Wednesday, February 24, 2016

Is Early Decision Doomed?

By:  Patrick O'Connor  Ph.D

Cracks are starting to appear in one of the oldest, and most mysterious, elements of college advising.  For years, students who have found THE college they simply can’t live without have been urged to apply to that college through an Early Decision program.  Not every college offers this option, but those that do require the student, their parent, and their school counselor to sign an agreement indicating that, if the college admits the student ED, the student agrees to withdraw all of their other college applications, and they must attend that college.  If most of the college application process is like dating, Early Decision is more like marriage—say yes to me, and I’m yours.

Since many colleges take a large percentage of their students through the ED program, qualified students can usually increase their chances of admission by applying ED—assuming they’re willing to make the commitment.  It’s also true that most ED programs notify students well before spring, so admitted students can enjoy the rest of senior year with their college application process settled.

But if ED offers a few bonuses to students, it offers even more to the colleges.  Admitting a large number of students early solidifies the college’s financial aid budget early, and it increases the college’s yield (the percentage of admitted students who enroll) tremendously.  These are both key pieces of a college’s admission portfolio, which in turn solidifies everything from the college’s bond rating to their place in college rankings.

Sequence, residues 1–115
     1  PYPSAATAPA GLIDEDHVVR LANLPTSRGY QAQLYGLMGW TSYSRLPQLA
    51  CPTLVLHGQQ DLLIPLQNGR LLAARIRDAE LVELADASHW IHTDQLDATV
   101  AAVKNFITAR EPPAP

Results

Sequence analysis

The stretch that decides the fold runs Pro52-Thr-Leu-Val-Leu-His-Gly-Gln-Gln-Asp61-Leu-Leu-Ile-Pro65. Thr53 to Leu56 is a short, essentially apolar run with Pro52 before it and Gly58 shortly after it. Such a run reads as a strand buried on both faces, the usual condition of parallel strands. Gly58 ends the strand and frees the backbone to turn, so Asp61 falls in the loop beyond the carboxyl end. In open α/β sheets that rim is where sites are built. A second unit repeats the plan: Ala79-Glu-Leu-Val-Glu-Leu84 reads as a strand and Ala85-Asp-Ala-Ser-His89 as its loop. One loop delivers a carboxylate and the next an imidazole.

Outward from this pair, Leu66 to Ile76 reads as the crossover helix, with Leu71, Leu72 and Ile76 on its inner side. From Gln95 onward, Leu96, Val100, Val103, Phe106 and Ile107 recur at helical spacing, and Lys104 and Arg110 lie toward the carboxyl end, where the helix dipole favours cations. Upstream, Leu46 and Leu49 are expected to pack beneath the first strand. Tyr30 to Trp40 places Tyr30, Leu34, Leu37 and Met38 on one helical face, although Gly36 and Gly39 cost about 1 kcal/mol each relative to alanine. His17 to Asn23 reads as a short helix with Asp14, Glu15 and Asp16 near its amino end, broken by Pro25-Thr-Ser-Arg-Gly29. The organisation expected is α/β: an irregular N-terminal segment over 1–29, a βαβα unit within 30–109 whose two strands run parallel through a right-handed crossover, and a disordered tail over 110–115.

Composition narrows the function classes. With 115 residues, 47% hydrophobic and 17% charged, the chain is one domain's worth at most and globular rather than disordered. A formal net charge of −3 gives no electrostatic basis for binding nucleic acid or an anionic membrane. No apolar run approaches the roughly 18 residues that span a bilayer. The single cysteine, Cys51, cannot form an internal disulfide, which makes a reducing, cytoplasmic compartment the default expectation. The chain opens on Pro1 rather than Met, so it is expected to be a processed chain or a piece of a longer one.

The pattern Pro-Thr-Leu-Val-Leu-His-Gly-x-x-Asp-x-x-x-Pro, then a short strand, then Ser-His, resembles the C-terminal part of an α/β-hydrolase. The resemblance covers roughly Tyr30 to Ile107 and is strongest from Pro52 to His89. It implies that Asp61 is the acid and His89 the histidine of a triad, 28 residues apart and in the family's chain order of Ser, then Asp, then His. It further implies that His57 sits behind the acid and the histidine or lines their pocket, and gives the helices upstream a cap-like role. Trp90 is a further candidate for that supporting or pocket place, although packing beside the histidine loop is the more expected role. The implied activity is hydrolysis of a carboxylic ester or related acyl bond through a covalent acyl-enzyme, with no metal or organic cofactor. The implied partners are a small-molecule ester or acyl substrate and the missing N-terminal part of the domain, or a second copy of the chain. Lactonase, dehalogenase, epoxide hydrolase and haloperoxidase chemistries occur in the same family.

It’s long been expected that the increasing number of students applying ED might influence the way ED programs work—and based on stories from school counselors, those changes are starting to take place. More students appear to be applying ED to increase their chances of admission, but then changing their mind, and attending a different college.  Since the ED agreement involves no financial commitment from the student, there’s little to hold the student to the agreement other than their word. To be sure, colleges have frequently released students from an ED contract if the college can’t meet the student’s demonstrated financial need, but the number of students simply jilting their academically betrothed seems to be on the rise.

Two possible solutions have been suggested.  The first one changes the ED agreement to a contract, where the student agrees to attend their first choice college if admitted—and if they don’t, they must pay the college a full year’s tuition, room, and board. Since the parent must also sign the ED statement, the contract would have the full force of law, and could at least lead the parents to think twice about making a casual commitment to a serious process.